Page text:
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  1. Candy Lee
  1. Correspondence to Candy Lee, Abertawe Bro Morgannwg University Health Board, Singleton Hospital, Sketty Lane, Swansea SA2 8QA, UK; candy.lee{at}wales.nhs.uk

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Overweight children have a higher risk of asthma

Overweight or obese children are more likely to develop asthma compared with children of a healthy weight, according to this large population-based longitudinal study (American Journal of Epidemiology Published Online First: 6 Aug 2013, doi:10.1093/aje/kwt093). Results from the analysis of health records from 623 358 children (aged 6–19 years) showed that compared to children of healthy weight, the adjusted rate of asthma for overweight, moderately obese and extremely obese children were 1.16, 1.23 and 1.37, respectively. Also noted was the tendency for increase in the severity of asthma for moderately and extremely obese asthmatic children.

High dose N-acetylcysteine and COPD

In this double-blind randomised control trial, investigators assigned 120 patients with stable mild or moderate COPD to receive either 1 year of N-acetylcysteine (NAC) 600 mg twice daily or placebo (Chest 2013;144:106–18). At 1 year, patients receiving NAC had significant improvement in small airways function, and reduction in frequency of exacerbations. High-dose NAC may have a future role in the management of COPD due to its mucolytic and antioxidant effects, but further randomised trials are still needed.

Higher survival rates associated with transplantation of bigger lungs

Lung size matching can be estimated using predicted total lung capacity (pTLC) ratio, with a ratio of 1.0 being a perfect size match. This cohort study (The Annals of Thoracic Surgery 2013;96:457–63) analysed the size of the lungs used in each of 6997 double and single lung transplant patients in the USA between 2005 and 2010 by using pTLC ratio of the donor relative to the recipient. Bilateral lung transplant patients were found to have a 7% decrease in the risk of death at 1 year for each 0.1 increase in pTLC. Those who received transplanted lungs with an average ratio of 1.3 had a 30% increased chance of survival in the first year. This study suggests that a higher pTLC ratio (implying an oversized allograft) is associated with improved survival after lung transplantation.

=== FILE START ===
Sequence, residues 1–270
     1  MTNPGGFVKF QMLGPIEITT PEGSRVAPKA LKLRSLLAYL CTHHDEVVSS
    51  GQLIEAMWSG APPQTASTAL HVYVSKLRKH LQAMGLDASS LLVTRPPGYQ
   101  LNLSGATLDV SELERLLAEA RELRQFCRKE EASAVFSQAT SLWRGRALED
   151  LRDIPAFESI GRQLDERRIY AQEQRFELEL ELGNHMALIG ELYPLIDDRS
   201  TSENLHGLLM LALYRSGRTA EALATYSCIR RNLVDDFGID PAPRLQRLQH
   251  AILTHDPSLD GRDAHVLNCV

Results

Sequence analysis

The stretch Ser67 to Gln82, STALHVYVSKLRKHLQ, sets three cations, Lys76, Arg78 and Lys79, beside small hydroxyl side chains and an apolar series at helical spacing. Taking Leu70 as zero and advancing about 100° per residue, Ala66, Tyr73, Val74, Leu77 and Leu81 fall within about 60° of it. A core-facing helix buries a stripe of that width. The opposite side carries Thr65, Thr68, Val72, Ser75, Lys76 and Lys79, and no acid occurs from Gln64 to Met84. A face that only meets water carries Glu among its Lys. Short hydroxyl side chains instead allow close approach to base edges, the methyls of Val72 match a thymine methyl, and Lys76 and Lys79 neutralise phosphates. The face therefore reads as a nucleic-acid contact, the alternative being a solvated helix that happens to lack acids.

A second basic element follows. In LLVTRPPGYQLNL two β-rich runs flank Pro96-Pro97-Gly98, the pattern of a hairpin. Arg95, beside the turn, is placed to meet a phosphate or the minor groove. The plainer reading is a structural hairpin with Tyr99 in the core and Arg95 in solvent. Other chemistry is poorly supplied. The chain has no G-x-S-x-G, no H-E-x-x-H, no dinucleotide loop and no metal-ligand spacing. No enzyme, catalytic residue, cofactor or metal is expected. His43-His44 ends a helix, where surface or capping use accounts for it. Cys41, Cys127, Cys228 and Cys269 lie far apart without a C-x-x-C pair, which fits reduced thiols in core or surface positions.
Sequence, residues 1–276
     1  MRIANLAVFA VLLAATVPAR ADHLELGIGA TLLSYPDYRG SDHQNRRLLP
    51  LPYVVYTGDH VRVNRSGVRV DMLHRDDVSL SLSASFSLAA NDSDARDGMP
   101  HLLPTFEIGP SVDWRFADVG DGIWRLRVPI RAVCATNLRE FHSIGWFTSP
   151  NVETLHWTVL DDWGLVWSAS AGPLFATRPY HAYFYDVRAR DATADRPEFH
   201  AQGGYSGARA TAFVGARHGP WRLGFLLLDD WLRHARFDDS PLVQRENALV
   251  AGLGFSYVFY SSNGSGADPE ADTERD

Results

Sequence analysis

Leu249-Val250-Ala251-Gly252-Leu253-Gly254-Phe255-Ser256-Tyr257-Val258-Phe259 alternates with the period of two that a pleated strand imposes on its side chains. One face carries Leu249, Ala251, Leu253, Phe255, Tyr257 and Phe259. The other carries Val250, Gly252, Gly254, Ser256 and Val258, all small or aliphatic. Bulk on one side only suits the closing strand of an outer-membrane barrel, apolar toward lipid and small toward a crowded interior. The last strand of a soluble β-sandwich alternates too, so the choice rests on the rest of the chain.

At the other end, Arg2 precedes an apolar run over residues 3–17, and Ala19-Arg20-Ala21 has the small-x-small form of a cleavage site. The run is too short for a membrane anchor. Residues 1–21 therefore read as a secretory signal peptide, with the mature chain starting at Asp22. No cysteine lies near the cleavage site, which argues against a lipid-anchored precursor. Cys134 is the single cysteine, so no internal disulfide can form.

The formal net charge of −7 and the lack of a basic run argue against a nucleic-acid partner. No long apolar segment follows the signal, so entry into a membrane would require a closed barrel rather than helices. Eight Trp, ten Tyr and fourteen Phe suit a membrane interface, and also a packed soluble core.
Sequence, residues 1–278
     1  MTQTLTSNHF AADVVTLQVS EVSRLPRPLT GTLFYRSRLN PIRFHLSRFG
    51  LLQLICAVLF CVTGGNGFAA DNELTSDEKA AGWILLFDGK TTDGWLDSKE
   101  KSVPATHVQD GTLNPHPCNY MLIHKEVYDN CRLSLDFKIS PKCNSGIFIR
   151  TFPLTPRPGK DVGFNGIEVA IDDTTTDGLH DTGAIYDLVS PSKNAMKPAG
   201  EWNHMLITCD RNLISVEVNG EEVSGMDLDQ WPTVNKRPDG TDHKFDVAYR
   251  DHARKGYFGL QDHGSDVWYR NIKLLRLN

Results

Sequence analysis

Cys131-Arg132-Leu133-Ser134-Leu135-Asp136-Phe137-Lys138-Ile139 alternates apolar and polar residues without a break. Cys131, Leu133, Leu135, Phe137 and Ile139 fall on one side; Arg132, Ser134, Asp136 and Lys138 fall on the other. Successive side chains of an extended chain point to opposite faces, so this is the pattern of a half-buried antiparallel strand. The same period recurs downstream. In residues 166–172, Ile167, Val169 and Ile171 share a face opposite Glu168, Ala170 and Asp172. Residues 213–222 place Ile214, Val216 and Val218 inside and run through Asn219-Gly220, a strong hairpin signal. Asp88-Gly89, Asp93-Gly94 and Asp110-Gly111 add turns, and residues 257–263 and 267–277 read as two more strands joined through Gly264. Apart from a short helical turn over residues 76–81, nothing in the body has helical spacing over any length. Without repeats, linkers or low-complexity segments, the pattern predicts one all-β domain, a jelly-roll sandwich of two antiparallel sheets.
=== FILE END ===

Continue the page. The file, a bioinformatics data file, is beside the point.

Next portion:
Reduction in disease progression of idiopathic pulmonary fibrosis with antireflux treatment

Gastro-oesophageal reflux is a common complaint in patients with idiopathic pulmonary fibrosis (IPF). The authors of this study (The Lancet Respiratory Medicine 2013;1:369–76) investigated the association between antireflux treatment and disease progression in IPF by analysing patient data from three randomised controlled trials. After adjustments for sex, baseline FVC and DLCO, patients taking antireflux treatment at baseline were noted to have less reduction in forced vital capacity compared with patients not receiving treatment (0.05 L reduction vs 0.14 L, respectively) at 30 weeks, suggesting an association of non-treatment of gastro-oesophageal reflux with disease progression.

Targeting low-dose CT screening for lung cancer

Three annual low-dose chest CT scans were shown to lower lung cancer-related deaths by 20% in current or former smokers with a heavy smoking history (≥30 pack years) by the National Lung Screening Trial (NLST). To ascertain the individuals that would benefit most from this screening, researchers extracted data from the NLST control group to develop a risk prediction model for lung cancer-related death and divided the NLST patient group into 5 quintiles of 5-year risk for lung cancer death (The New England Journal of Medicine 2013;369:245–54). Up to 90% of patients with preventable lung cancer deaths were from the highest risk category (top 3 quintiles). By limiting screening to patients from the highest risk category the number needed to screen reduced from >300 to 161 and the number of false positives reduced from >100 to 65. The authors concluded that these findings provide evidence for ‘risk based’ targeting of screening for lung cancer with CT.

Allergic phenotype in COPD patients

Two independent populations of patients with COPD who have evidence of an allergic phenotype have been shown in this study (American Journal of Respiratory and Critical Care Medicine 188:187–92) to have greater severity of COPD, more lower respiratory tract symptoms (chronic phlegm, chronic cough and wheeze) and more exacerbations requiring medical treatment compared with those without evidence of allergic disease. The US authors analysed data from two cohorts, one, a nationally representative sample and the second, a COPD-specific cohort. This has implications for future management of this population group as treatment of allergic disease may improve morbidity although additional studies are required to investigate this relationship further.

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Footnotes

  • Competing interests None.

  • Provenance and peer review Commissioned; internally peer reviewed.

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